Aaron Y. Zelin is the Gloria and Ken Levy Fellow at the Washington Institute for Near East Policy where his research focuses on Sunni Arab jihadi groups in North Africa and Syria as well as the trend of foreign fighting and online jihadism.
Devorah Margolin is the Blumenstein-Rosenbloom Fellow at The Washington Institute.
Articles & Testimony
Given the group’s multileveled efforts to exert local authority, it could resurge quickly into full territorial control if the coalition pulls back too soon.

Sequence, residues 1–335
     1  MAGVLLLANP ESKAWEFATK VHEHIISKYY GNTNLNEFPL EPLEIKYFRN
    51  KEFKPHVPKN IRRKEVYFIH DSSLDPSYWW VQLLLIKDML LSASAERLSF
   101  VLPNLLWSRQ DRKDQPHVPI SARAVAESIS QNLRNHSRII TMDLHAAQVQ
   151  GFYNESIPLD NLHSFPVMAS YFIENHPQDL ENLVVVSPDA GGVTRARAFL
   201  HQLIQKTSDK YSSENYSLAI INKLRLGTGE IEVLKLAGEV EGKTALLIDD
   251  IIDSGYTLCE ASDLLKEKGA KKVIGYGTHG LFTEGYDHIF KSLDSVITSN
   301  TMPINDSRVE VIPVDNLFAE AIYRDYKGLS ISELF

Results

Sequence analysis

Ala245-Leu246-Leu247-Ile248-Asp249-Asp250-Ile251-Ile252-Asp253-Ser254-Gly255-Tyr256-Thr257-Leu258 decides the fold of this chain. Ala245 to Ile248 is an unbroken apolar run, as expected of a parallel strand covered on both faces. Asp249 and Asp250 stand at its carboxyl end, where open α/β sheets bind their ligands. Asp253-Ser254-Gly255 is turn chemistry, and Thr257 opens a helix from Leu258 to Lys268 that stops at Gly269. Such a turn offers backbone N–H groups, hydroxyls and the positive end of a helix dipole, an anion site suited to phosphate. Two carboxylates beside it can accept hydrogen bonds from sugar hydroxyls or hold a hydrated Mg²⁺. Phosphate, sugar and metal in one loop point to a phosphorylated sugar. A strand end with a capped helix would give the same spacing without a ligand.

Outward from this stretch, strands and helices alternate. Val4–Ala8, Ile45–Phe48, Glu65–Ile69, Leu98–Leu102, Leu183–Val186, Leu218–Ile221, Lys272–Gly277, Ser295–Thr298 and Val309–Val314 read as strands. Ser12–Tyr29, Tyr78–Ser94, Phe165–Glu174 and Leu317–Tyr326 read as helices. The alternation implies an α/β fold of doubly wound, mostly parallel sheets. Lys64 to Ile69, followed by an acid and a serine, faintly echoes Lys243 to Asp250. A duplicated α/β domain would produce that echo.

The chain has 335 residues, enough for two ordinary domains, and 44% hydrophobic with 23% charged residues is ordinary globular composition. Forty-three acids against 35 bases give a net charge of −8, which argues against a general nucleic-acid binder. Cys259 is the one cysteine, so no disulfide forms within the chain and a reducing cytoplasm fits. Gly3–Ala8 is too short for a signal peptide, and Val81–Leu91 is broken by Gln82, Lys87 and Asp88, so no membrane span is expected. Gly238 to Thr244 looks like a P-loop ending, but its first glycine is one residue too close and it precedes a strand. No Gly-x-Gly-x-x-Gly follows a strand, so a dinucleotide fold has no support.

Since losing its last semblance of control in Syria in March 2019, the Islamic State has spent the last four and a half years not only attempting to survive, but also working to create the conditions for returning to territorial control. While it is true that the organization’s insurgency has been degraded in recent years, only focusing on the Islamic State’s attack claims and propaganda misses an important trend happening at the local level: despite the best efforts of the global coalition and the Syrian Democratic Forces, the Islamic State has continued attempts to govern as shadow actors in eastern Syria. These efforts can be seen on four main axes: taxes, moral policing, administrative documents, and retaking of territory (albeit for brief periods of time). The Islamic State’s level of governance today is nowhere near where it was when it controlled territory the size of Britain from 2014-2017. Yet, these governance attempts illustrate that the group may be stronger than many assume, while also highlighting that the group’s interest in governing and controlling territory has not waned in recent years...